Take a Closer Look at: Annie Leonard, founder of the Story of Stuff Project

Happy Wednesday! This week, we’re taking a closer look at Annie Leonard, Executive Director of Greenpeace USA and the founder of the Story of Stuff Project. Annie Leonard is a tireless fighter for the environment and a longtime leader in the movement to change the way we make, use, and throw away Stuff.

(photo: Erin Lubin)

After interning at the National Wildlife Federation, Leonard began working with Greenpeace on a campaign to ban international waste dumping, traveling around the world to track garbage and hazardous waste sent from developed to less developed countries. “I was sneaking into the factories where it was being disposed, interviewing the workers, taking hair samples and soil samples to prove the environmental health harm,” she later explained in an interview with Cornell University.

 

She later testified to Congress on the topic of international waste trafficking. The work of Greenpeace and other organizations led to the 1992 Basel Convention, an international treaty to protect less developed countries from the dumping of hazardous waste by transnational corporations based in developed countries.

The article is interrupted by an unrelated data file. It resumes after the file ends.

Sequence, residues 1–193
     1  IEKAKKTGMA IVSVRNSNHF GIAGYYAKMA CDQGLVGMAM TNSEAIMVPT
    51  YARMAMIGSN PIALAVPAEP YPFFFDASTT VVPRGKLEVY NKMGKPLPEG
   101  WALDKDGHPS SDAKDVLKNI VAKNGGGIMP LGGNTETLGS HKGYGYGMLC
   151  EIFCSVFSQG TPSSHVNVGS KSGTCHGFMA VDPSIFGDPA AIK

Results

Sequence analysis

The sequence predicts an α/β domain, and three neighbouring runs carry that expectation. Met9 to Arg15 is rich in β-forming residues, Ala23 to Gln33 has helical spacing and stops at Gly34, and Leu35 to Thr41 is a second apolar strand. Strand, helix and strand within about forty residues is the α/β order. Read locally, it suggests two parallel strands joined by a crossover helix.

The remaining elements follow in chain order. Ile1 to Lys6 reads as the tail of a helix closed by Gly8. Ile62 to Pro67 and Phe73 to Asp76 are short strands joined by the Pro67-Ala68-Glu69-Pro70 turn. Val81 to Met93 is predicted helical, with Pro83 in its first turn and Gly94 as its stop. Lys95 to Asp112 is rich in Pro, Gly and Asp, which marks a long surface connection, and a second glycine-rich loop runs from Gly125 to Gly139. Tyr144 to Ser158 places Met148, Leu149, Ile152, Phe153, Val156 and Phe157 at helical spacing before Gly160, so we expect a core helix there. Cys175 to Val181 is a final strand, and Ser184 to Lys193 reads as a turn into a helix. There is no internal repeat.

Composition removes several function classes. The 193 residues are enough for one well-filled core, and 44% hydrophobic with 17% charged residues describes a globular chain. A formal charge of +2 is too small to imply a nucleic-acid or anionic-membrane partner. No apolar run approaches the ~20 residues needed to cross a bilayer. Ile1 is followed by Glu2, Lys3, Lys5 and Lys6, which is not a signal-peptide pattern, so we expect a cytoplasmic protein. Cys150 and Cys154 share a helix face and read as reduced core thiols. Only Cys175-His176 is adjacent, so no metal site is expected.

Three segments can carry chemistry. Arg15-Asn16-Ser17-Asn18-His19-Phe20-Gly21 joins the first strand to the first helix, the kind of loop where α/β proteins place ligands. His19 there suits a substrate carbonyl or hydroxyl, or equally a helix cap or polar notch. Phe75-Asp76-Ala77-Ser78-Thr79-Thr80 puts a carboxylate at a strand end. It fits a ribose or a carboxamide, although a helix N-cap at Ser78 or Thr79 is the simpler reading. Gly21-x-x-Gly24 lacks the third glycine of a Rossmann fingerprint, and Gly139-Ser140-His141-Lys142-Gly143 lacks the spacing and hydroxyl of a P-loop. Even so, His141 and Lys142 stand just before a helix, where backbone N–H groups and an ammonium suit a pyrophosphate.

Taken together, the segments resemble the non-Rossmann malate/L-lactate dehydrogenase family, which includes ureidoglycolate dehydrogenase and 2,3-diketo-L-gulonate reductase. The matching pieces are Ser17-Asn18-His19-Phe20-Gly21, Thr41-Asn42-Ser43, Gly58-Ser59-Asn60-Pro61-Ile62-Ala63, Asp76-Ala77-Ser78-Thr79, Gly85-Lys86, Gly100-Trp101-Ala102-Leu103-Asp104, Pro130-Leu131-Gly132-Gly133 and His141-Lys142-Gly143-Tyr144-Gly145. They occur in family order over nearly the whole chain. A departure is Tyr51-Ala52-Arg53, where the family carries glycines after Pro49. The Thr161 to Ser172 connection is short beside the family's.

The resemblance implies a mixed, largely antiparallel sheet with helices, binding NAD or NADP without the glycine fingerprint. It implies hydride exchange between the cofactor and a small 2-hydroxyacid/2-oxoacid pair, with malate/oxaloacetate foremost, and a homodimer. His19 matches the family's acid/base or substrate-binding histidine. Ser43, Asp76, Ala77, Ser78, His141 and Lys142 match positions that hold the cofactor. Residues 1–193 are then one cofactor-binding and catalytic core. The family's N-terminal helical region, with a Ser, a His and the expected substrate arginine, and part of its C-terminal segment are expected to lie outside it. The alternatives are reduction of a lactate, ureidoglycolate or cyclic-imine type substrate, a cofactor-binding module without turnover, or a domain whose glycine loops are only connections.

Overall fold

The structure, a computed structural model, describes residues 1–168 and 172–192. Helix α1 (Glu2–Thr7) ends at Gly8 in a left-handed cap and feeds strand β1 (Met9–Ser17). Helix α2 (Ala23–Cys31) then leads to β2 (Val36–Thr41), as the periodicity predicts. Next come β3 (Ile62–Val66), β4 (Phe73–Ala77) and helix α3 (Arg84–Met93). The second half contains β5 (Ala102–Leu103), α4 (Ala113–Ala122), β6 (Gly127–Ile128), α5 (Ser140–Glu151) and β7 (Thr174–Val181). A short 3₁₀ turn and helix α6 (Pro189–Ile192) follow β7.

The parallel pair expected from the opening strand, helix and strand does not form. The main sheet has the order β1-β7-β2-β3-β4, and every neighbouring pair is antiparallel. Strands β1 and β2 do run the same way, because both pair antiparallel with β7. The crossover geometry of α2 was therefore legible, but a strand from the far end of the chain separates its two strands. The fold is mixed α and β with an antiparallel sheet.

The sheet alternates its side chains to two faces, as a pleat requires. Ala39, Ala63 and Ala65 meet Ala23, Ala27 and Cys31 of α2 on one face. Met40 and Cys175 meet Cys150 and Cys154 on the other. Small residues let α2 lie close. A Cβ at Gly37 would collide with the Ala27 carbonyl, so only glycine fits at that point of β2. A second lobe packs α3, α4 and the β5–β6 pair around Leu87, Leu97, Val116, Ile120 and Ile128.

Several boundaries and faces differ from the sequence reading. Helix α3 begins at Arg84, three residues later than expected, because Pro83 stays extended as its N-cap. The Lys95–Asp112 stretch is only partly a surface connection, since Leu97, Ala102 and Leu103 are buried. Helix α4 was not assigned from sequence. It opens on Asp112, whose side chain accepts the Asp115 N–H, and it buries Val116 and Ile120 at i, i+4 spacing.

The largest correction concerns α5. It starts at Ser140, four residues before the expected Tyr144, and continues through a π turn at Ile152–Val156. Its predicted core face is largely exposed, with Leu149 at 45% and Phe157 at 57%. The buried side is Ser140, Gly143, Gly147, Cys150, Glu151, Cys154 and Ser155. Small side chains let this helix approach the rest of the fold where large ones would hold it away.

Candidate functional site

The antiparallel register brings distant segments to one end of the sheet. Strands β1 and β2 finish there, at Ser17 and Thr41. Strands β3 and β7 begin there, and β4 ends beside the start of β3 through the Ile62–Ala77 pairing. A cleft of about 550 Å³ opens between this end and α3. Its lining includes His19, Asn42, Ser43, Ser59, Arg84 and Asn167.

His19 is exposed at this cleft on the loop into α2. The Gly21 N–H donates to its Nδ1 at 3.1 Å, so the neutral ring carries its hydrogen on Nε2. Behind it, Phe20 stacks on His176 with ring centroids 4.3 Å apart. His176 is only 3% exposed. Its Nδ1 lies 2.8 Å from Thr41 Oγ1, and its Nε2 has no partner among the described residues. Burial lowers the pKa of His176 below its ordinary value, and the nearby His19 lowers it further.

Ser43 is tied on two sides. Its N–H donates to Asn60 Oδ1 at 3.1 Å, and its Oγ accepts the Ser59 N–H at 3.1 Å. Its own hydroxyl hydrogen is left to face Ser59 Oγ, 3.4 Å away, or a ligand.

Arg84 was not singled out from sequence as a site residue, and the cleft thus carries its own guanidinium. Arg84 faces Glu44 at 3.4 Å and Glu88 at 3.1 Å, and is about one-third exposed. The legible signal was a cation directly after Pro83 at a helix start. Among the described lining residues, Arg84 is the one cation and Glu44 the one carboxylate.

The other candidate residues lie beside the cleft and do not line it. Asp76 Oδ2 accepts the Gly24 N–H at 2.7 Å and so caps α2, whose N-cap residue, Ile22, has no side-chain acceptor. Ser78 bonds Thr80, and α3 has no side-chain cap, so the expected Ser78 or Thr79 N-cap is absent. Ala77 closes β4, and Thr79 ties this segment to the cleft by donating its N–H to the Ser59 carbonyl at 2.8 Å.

Leonard has over two decades of experience investigating and explaining the environmental and social impacts of our stuff: where it comes from, how it gets to us, and where it goes after we get rid of it. Her film, The Story of Stuff, blossomed into The Story of Stuff Project, which works to empower people around the globe to fight for a more sustainable and just future. The project has built a community of over half a million people and released 8 more videos since The Story of Stuff, which have been viewed over 40 million times and been incorporated into countless school and faith curricula. Simon & Schuster published Leonard’s New York Times bestselling book, The Story of Stuff, which takes a deeper dive into the issues of the film.

 

A hallmark of Leonard’s work with The Story of Stuff Project has been her keen recognition that solving environmental crises requires working across a wide range of movements to fix economic and political systems that are currently dominated by corporations at the expense of people’s health.

Let us know if you’d like to bring Annie Leonard to speak to your organization, campus, or conference!

 

—And that is the story for this week! Be sure to follow us on Facebook and Twitter to keep up with the latest from all of our speakers, scientists and change makers!

 

 

 

 

 


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